>> including making and receiving phone calls and managing personal
>> information such as names and phone numbers of contacts and appointments 
>> in
>> the calendar. The phone also offers an accessible GPS program, an Adobe 
>> PDF
>> reading program, a voice recorder, a music player, and much more. 
>> Wonderful
>> as it is, this particular phone, the Nokia N82, offers access to AT&T or 
>> T-
>> Mobile only. It will not work with Verizon, Sprint, U.S. Cellular, or 
>> other
>> non-GSM networks.
>>       The Nokia N82 is about the size of a Milky Way candy bar, and 
>> unlike
>> too many other cell phones, its keypad is very easy to feel. The buttons
>> have just the right amount of space between them and are raised enough so
>> that they can be located easily by touch. And the phone has two gigabytes
>> of memory. (For those of you who may not be techno geeks like me, that's 
>> a
>> whale of a lot of memory.) Above the keypad is a square box, which is
>> called the five-way scroll box. This box contains up, down, left, right,
>> and enter buttons. To the left of the box is a button that activates
>> different functions, depending on what area of the button you press.
>> Pressing the top of this square button will activate the knfbReader 
>> Mobile.
>> Pressing the very small button on the extreme left edge of the phone will
>> activate the phone's Send feature. Pressing the bottom edge of the button
>> will bring up the phone's main menu. To the right of the five-way scroll
>> box is the End Call button, the top edge of which can be pressed to exit
>> the knfbReader Mobile. If you turn the phone around so that the back of 
>> it
>> is facing you, you'll find a slide switch that moves from left to right.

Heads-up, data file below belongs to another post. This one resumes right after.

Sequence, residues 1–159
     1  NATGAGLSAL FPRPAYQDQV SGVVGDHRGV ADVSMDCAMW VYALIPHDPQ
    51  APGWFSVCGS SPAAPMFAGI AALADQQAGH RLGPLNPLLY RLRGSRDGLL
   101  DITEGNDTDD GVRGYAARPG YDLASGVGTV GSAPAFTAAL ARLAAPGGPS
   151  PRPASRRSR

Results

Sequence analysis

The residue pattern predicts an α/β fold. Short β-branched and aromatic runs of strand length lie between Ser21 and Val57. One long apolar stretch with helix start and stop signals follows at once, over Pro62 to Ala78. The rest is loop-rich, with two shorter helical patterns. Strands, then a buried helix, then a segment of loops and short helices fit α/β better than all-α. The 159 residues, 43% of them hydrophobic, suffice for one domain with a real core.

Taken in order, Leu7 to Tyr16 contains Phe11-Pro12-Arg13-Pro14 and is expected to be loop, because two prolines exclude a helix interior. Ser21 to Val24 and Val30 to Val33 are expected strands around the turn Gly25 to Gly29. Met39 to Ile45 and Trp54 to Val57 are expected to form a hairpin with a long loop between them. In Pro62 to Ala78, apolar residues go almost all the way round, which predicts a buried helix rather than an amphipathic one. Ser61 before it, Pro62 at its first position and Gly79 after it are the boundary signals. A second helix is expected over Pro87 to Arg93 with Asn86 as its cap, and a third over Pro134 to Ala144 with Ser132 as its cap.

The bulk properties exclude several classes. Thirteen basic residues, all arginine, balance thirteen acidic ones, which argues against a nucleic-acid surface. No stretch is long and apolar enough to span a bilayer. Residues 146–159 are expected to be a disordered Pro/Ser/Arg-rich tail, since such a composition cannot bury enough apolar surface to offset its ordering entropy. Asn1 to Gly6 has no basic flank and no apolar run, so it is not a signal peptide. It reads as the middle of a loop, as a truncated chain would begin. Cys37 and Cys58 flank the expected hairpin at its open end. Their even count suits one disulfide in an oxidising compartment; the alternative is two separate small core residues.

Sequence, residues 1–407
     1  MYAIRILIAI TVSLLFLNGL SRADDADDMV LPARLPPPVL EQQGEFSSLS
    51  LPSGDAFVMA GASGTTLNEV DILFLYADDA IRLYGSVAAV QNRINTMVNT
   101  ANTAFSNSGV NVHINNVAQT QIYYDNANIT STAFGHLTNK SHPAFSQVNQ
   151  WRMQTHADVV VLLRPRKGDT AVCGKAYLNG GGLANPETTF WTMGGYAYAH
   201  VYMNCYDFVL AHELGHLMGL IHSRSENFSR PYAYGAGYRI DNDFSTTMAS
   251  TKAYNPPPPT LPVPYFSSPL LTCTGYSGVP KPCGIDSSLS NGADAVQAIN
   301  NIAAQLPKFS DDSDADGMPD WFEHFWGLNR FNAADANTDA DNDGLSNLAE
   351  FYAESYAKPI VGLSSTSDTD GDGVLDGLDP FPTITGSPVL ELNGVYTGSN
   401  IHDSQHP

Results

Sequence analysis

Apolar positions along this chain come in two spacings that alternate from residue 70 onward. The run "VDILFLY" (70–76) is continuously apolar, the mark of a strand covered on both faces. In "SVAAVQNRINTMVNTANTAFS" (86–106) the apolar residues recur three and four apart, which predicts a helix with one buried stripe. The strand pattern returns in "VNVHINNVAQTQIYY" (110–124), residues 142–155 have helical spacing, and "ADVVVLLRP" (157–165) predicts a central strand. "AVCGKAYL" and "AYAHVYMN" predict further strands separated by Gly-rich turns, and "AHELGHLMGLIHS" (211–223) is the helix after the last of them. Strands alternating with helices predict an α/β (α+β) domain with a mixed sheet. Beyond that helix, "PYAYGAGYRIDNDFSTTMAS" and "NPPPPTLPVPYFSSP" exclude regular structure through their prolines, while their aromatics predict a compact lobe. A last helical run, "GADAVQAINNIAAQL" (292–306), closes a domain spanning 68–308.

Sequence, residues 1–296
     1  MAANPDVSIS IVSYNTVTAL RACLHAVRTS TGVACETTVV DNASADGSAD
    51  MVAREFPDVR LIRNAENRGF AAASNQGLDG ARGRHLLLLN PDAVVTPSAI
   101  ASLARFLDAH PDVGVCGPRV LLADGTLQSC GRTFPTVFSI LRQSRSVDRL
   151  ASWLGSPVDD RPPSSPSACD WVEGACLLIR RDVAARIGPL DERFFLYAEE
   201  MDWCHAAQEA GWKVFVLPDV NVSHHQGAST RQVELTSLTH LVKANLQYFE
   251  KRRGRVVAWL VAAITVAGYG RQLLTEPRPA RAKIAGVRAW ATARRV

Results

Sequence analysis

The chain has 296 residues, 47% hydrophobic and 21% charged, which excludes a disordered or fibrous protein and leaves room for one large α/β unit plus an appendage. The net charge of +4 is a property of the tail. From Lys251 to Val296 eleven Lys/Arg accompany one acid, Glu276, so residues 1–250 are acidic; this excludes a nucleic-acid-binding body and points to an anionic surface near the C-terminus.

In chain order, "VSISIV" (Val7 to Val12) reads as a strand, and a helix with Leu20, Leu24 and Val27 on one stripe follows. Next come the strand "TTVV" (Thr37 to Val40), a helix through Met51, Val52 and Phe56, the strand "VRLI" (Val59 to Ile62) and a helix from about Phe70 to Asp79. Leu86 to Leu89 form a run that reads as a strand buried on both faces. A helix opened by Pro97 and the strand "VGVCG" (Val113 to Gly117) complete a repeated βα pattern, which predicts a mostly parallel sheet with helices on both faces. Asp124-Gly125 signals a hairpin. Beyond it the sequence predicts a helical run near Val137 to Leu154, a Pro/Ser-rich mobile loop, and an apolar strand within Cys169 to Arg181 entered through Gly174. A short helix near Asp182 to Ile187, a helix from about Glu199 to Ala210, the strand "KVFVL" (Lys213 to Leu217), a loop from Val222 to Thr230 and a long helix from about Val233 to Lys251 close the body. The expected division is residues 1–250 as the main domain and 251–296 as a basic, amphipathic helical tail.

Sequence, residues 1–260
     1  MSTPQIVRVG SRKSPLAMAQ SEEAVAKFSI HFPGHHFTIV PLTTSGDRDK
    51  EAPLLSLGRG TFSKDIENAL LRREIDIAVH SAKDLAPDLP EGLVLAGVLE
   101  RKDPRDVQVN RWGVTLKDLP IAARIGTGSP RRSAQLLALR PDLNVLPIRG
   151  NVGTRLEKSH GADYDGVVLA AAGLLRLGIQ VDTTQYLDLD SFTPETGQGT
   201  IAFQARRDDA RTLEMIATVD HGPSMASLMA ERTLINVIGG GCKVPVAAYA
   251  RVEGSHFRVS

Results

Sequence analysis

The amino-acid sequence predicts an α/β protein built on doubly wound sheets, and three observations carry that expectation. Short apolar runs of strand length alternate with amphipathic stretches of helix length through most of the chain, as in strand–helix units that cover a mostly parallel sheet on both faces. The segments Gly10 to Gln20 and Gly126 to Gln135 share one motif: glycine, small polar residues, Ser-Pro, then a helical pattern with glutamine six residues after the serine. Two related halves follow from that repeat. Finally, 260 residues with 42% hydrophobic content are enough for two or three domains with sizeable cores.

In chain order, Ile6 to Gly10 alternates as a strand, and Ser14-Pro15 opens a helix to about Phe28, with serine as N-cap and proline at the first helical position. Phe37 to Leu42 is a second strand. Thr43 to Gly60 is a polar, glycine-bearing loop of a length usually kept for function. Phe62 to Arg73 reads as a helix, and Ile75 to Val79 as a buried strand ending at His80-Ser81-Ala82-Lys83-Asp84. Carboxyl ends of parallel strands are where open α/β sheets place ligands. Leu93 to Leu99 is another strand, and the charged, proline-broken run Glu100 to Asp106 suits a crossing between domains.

>> When this switch is moved to the left, the camera lens is closed; when 
>> it's
>> moved to the right, the lens is open, and you can take a picture.
>>       Back in my motel room I position the cell phone over the page and
>> about a foot above it. My finger moves to the bottom edge of the five-way
>> scroll box, and I gently press it. knfbReader Mobile announces, "Taking
>> picture," followed by the sound of a camera snapping a picture. This is
>> followed by some fifteen seconds in which I hear periodic beeps while the
>> image is being processed. Then I hear the various channels available to 
>> me.
>> My curiosity leads me to other printed material in the room, and I learn
>> that, if I had forgotten my toothpaste, toothbrush, or shaving cream, all 
>> I
>> would have to do is to call the front desk to get help. Most important,
>> though, I can tell which package of coffee is not decaffeinated.
>> Additionally, I am able to use the reader to read the dialing 
>> instructions
>> on the room phone just above its keypad.
>>       But that's not all this device is capable of. I recently visited an
>> ATM machine and withdrew $50. I had three bills. I knew that one was a 
>> ten-
>> dollar bill, but which one? All I had to do was to position the reader
>> above the bill and press the zero key on the keypad. A picture was taken,
>> and the bill was recognized as the ten I was looking for. And, by 
>> pressing
>> the pound key followed by the zero, I could tell whether I was looking at
>> the back or front of the bill and which direction it was facing.
>>       You can customize the reader by changing the many user settings
>> available to you. For example, by pressing the number 7 key on the 
>> keypad,
>> you can enter the audio settings and change the rate, pitch, and volume 
>> of
>> the speech as well as changing to any installed voice. If you have some
>> vision, you can adjust the size of the print on the screen by pressing